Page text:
This critical edition of Admiral Nelson’s letters to Lady Hamilton is to bring together the important letters of Nelson to Lady Hamilton that have only been published in parts over the last 200 years. Only by bringing the letters of Nelson to Lady Hamilton together is it possible to assess their relationship and to present certain insights into Nelson’s personality that are not revealed in his official correspondence. Thorough research into this side of Nelson’s personality and into the nature of his notorious and unconventional relationship with Lady Hamilton has been hampered in the past by a desire not to look too closely at Nelson’s personal morality. To a considerable extent their relationship was regarded as a challenge to traditional gender roles and it indeed did not conform to stereotypes that are usually attributed to men and women in a heterosexual relationship. Lady Hamilton was so obviously lacking in the subservience and passivity expected from women in that era that authors over the course of time started to exclude her in their accounts of the public sphere by reducing her to a private weakness of Nelson’s, who could be successful at sea, where he was far away from the enthralling influence of a manipulating woman. The letters in this edition testify how Admiral Nelson’s life at sea was not exclusively public nor was Lady Hamilton’s life ashore solely private. It also shows how the two supposedly separate spheres of male and female lives were connected. A fresh approach and a thorough discussion of this important and neglected aspect not only of Nelson’s life, but of gender history, demands this exact and scholarly edition of the primary material, which consists of about 400 letters that Nelson wrote to Lady Hamilton over the course of the last seven years of his life and about a dozen letters of her to him that have survived.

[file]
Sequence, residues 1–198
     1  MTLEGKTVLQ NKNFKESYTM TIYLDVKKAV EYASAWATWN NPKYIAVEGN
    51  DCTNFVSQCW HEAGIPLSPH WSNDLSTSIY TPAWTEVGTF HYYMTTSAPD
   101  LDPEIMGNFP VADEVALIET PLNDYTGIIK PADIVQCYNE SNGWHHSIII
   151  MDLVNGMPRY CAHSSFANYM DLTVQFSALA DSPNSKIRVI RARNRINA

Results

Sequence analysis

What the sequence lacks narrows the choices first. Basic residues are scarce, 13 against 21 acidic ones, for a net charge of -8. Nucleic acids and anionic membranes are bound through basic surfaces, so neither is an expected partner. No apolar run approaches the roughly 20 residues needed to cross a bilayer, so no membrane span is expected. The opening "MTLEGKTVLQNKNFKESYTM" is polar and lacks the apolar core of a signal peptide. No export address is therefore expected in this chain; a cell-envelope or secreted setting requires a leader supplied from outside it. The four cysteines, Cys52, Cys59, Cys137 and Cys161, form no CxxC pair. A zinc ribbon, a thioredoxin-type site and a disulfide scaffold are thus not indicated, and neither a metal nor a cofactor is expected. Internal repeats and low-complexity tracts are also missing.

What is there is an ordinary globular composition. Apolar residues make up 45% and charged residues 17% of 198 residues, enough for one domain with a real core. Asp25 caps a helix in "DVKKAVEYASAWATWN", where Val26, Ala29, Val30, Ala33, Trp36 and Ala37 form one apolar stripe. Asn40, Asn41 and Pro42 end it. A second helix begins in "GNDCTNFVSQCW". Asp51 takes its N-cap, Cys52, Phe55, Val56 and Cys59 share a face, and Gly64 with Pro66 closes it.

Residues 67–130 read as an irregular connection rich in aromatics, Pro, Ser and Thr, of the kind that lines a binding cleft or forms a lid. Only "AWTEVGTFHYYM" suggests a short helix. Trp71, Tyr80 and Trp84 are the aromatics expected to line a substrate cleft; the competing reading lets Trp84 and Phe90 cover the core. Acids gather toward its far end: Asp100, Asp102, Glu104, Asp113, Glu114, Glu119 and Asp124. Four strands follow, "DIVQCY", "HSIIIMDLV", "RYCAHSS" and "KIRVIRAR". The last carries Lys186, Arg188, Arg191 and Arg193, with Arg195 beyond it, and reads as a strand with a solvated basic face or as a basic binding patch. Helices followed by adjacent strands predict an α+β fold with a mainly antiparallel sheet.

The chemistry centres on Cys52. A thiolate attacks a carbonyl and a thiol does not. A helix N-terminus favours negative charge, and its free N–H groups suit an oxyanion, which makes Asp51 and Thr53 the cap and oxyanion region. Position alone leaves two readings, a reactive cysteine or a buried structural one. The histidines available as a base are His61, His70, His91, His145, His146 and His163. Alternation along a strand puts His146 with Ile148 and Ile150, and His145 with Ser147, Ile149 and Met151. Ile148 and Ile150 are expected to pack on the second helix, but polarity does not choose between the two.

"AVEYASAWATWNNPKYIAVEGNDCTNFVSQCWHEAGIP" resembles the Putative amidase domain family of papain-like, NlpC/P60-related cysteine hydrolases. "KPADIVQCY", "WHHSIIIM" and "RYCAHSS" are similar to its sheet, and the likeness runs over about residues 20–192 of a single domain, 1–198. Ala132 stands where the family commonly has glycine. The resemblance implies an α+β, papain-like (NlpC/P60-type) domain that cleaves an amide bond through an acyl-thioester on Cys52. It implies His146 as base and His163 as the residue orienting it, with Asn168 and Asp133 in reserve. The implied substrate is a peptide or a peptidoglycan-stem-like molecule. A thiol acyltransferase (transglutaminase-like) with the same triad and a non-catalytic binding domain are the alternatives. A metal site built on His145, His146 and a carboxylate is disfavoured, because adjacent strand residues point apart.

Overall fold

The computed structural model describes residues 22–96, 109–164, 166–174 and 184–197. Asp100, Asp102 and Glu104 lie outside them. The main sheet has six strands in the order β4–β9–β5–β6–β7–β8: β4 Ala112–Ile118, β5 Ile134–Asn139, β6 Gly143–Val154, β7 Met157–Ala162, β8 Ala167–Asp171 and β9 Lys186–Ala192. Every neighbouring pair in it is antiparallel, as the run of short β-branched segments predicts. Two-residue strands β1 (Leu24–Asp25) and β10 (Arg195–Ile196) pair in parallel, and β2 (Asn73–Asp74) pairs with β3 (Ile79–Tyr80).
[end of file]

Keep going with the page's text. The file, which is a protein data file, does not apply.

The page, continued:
Table of Contents
Preface; General Introduction; I. The Beginning of an Enduring Relationship; II: The Baltic Campaign; III: The Channel Campaign; IV: A Relationship Settled; V: The End; Appendices 1. List of previous publications, 2. Chronology of texts, 3. Items Mentioned in the Letters and Nelson’s Wills and codicils to His Wills, 4. Poetry referred to in Nelson’s letters, 5. Minute of a Conversation with the Prince Royal of Denmark on 3 April 1801; transcript of a manuscript with a correction in Nelson’s handwriting, 6. The taking of the Swift cutter: An attempt to trace the documents captured by l’Espérance in 1804, 7. Documentation of flow of letters in chapter 4 (1803-5); Sources and Documents; Index
Marianne Czisnik is a leading scholar and has published on a wide range of topics related to Horatio Nelson. She has a law degree and practiced in Germany before becoming a researcher of Nelson at the University of Edinburgh.